I’ve been thinking a lot about Twitter’s impact on society, and wondering exactly why it’s so popular. Now, I’m not a “Twitter critic” by any means – I used the service for years, after it’s initial launch, and loved every minute. I’ve since quit to focus my energy on more productive things (among a few other reasons).
So, here we are today with (how many Twitter users?), and celebrities signing up for the service left and right.
And what exactly does this service do? (I’m thinking abstractly, apart from my own knowledge and experiences.)
It literally just stores text. Just short snippets of text submitted by users. It also distributes that text through various notification channels, like SMS, IM, RSS, etc.
This is the future?
Some would call it a “social network,” but what we really have here is a mass text distribution system. A paradigm for communication.
Twitter is just architecture, like phone lines or network grids. What you pass between the communication channels is entirely up to you.
Remember the old cup on the end of a string – and how two cups enable multiple parties to communicate from a distance? (Whether this is true or not, I don’t know, but the image is a popular one so it fits my analogy.)
Twitter is those cups, and string.
You don’t go to Twitter, like you would go to Facebook or any other social network. Twitter comes to you.
But what is this architecture that’s so unique? Can’t Facebook and [insert any other social network] do the same thing?
Certainly. But since Facebook, and most other social networks, are inherently more complex and involved, efforts to emulate the same architecture won’t be as successful because they were not initially defined as architecture-only services.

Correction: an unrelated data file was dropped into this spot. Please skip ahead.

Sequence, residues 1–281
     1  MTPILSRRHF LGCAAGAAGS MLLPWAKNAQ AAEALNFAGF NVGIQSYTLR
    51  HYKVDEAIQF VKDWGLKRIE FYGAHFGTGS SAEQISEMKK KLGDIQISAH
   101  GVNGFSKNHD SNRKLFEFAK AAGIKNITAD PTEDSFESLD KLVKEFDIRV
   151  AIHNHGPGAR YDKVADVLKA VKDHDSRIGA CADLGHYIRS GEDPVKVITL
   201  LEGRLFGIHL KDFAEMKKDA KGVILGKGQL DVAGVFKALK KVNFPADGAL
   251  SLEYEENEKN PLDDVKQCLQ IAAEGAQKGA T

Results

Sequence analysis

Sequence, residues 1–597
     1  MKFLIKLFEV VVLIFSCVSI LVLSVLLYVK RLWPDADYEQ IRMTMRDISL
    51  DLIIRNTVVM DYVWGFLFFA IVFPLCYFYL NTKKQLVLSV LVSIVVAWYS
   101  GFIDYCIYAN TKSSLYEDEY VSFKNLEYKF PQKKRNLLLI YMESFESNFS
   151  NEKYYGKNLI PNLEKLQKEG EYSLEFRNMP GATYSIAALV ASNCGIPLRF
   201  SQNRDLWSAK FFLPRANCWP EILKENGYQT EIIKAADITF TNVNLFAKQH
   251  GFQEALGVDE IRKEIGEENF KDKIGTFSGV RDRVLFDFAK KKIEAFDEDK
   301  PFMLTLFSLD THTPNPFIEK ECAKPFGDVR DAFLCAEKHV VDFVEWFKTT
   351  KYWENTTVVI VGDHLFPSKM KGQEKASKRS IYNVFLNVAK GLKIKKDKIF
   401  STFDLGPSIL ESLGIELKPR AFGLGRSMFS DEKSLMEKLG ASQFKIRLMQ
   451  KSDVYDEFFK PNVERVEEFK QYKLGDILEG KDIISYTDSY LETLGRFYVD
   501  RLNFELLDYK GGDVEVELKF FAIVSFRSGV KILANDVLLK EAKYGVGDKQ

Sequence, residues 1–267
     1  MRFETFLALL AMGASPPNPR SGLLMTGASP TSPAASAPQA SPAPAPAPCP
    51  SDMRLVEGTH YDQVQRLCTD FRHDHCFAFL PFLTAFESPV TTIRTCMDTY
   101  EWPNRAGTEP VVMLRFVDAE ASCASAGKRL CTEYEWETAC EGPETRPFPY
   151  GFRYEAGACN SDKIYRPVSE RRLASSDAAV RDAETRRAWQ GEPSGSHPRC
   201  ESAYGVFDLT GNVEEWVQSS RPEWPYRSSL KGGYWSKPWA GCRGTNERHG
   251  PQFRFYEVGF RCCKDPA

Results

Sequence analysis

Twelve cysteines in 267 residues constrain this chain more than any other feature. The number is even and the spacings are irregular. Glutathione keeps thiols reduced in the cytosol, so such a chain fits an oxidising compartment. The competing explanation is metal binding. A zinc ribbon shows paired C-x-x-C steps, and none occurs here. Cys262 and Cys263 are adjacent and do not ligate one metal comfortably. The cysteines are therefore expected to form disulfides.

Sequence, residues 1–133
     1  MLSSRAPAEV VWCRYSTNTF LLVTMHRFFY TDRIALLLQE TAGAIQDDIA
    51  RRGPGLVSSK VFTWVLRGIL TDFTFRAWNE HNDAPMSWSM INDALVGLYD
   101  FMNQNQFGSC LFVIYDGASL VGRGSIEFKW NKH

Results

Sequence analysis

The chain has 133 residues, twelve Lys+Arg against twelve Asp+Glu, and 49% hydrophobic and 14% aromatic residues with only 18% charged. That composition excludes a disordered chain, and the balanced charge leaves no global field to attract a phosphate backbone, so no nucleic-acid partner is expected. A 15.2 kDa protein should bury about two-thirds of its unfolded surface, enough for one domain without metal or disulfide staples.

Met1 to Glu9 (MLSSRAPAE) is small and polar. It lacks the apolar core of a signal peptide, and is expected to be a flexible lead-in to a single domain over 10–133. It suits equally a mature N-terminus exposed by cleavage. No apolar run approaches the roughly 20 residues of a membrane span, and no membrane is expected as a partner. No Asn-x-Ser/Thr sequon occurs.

Forget that Twitter has a website where you can update your profile and interact with the service. Twitters’ website is merely an extension of the “Twitter architecture.” It’s just one avenue of input/output.
Facebook and [insert any other social network], on the other hand, require interaction through a web browser, or another third-party software application (iPhone app, email client, etc). Their interaction is limited to whatever the service decides to provide.
Whereas Twitter, I believe, is striving to be more of a content-relay system, by allowing input/output from just about any source.
I heard a quote once – I believe it was a Twitter employee, or one of the founders – and it went something like this: (in regards to Twitter) “We’ll be successful when people don’t even realize we exist. When we just slide to the background.”
So, Twitter is not striving to be “the hottest social network around.” It’s striving to be what all other social networks require to function, and what it means to be connected and social, in the first place.